However, according to a study reported in the September 2019 San Francisco Estuary and Watershed Science, Hyalella collected in the wild from Cache Slough are resistant to pyrethroids. Genetic analysis revealed that, collectively, Hyalella in the slough have four mutations for pyrethroid resistance. They also have a fifth mutation for resistance to organophosphates and likely carbamates, two additional major classes of pesticides that are applied extensively on agricultural and urban lands. “Hyalella are special,” explains co-author Helen Poynton, a molecular ecotoxicologist at the University of Massachusetts in Boston. “They reproduce quickly and have a short life span, which makes them highly adaptable.” Pesticide interests have seized on findings of pyrethroid resistance in Hyalella elsewhere in the wild to argue that water quality regulations for these pollutants should be relaxed. But the authors found that pyrethroid concentrations in Cache Slough were high enough to harm fish, for example by reducing the numbers and viability of offspring as well as by disrupting neurodevelopment and behaviors like predator avoidance. In addition, Hyalella are a mainstay of fish diets, and other researchers have shown that when fish gobble these crustaceans in contaminated waters, the pesticides transfer and build up in their own flesh. Ironically, their ability to survive pesticides may ultimately threaten Hyalella themselves. “They have one superpower: pesticide resistance,” Poynton says. “But the tradeoff is that they are weaker for other kinds of stress and they reproduce less.” Plummeting Hyalella populations would spell further trouble for Delta smelt and other imperiled species that depend on these crustaceans for food.

 

Pearls in the ocean of information that our reporters didn’t want you to miss
A breeding pair of Hyalella azteca. Photo: Helen Poynton
 

Levels of pyrethroid insecticides spike sharply in the North Delta's Cache Slough during winter rainstorms, rendering the water so toxic that it decimates laboratory populations of a half-inch crustacean called Hyalella azteca.

However, according to a study reported in the September 2019 San Francisco Estuary and Watershed Science, Hyalella collected in the wild from Cache Slough are resistant to pyrethroids. Genetic analysis revealed that, collectively, Hyalella in the slough have four mutations for pyrethroid resistance. They also have a fifth mutation for resistance to organophosphates and likely carbamates, two additional major classes of pesticides that are applied extensively on agricultural and urban lands. "Hyalella are special," explains co-author Helen Poynton, a molecular ecotoxicologist at the University of Massachusetts in Boston. "They reproduce quickly and have a short life span, which makes them highly adaptable.” Pesticide interests have seized on findings of pyrethroid resistance in Hyalella elsewhere in the wild to argue that water quality regulations for these pollutants should be relaxed. But the authors found that pyrethroid concentrations in Cache Slough were high enough to harm fish, for example by reducing the numbers and viability of offspring as well as by disrupting neurodevelopment and behaviors like predator avoidance. In addition, Hyalella are a mainstay of fish diets, and other researchers have shown that when fish gobble these crustaceans in contaminated waters, the pesticides transfer and build up in their own flesh. Ironically, their ability to survive pesticides may ultimately threaten Hyalella themselves. "They have one superpower: pesticide resistance," Poynton says. "But the tradeoff is that they are weaker for other kinds of stress and they reproduce less." Plummeting Hyalella populations would spell further trouble for Delta smelt and other imperiled species that depend on these crustaceans for food.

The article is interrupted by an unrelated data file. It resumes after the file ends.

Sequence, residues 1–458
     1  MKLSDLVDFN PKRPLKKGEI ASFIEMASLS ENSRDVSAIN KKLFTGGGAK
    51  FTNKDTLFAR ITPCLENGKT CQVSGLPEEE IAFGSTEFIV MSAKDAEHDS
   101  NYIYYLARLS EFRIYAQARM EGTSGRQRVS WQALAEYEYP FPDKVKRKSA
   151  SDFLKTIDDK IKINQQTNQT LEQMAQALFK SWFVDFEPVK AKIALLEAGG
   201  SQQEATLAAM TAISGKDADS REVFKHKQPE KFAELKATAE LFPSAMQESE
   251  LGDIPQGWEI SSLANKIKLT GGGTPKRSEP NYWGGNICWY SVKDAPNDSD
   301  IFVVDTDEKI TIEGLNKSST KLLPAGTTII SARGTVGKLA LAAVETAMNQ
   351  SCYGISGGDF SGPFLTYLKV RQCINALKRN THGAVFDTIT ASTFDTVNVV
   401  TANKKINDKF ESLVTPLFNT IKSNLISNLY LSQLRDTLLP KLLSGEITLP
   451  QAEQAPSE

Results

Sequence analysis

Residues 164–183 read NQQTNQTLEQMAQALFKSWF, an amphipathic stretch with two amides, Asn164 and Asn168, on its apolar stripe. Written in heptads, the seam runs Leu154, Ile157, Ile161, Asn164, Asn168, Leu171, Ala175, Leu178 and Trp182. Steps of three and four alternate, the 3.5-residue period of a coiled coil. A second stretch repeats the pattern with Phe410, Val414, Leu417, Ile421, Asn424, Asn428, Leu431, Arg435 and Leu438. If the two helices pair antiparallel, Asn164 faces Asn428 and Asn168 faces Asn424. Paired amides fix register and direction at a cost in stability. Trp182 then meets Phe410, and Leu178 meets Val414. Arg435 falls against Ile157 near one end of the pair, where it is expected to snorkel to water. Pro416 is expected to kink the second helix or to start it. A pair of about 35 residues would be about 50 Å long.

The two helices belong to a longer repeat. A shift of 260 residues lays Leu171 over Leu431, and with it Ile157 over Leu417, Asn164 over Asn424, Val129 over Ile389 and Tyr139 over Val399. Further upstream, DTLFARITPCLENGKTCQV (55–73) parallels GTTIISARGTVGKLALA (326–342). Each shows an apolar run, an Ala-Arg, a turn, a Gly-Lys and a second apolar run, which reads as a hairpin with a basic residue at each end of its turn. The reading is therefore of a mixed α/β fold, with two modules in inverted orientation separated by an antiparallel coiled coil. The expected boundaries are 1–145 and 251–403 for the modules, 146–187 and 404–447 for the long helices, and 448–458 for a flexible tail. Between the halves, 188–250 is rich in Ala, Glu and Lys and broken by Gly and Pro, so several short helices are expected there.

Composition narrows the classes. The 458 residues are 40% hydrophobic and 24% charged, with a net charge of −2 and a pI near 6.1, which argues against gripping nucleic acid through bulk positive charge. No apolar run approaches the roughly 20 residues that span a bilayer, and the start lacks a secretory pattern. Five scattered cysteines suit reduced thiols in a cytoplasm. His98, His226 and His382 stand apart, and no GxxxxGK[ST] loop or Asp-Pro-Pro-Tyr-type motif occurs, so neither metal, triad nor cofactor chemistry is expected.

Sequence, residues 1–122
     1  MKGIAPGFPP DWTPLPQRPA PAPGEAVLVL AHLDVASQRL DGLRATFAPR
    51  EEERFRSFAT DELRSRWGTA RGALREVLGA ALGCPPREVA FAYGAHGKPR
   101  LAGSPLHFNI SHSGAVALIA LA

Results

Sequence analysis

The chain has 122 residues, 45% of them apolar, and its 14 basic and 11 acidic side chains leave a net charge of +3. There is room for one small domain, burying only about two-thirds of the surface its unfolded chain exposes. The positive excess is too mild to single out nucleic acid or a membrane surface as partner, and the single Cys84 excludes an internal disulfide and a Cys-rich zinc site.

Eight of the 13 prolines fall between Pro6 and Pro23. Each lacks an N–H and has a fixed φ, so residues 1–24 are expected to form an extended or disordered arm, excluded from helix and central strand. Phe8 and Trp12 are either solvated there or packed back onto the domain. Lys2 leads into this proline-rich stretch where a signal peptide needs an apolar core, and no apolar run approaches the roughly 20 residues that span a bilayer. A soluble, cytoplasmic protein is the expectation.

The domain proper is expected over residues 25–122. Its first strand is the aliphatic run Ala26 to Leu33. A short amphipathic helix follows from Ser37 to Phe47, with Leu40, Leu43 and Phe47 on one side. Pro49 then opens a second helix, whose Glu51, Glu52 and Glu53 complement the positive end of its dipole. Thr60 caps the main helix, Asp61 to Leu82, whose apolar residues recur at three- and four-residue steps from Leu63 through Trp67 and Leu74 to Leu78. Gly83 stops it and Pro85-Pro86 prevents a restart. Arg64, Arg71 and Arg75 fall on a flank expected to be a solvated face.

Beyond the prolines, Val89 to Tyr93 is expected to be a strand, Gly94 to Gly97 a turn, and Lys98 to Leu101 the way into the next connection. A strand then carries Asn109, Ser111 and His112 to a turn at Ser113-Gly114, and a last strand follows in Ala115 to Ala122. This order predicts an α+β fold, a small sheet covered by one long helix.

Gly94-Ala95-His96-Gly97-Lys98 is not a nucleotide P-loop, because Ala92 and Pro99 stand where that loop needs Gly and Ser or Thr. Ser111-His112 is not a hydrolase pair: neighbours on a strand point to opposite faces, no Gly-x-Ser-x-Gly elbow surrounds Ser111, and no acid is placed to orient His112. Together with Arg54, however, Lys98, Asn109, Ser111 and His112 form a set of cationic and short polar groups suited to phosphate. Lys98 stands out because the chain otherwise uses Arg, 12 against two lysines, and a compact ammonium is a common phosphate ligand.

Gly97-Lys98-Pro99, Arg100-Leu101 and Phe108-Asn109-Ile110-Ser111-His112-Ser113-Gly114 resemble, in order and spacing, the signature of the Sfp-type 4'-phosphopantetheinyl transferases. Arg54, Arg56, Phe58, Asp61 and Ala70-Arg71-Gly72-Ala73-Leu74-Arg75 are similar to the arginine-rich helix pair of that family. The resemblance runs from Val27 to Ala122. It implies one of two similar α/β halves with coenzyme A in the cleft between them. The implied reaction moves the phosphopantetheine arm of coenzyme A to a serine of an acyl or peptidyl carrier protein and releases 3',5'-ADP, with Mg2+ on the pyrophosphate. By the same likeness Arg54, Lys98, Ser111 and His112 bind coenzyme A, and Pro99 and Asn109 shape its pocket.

About the author

Robin Meadows is an independent science journalist in the San Francisco Bay Area. She covers water and climate change adaptation for Estuary News, is the water reporter for the Bay Area Monitor, and contributes to Bay Nature, Frontiers in Ecology and the Environment, PLOS Research News and Water Deeply. Robin also enjoys hiking and photography.

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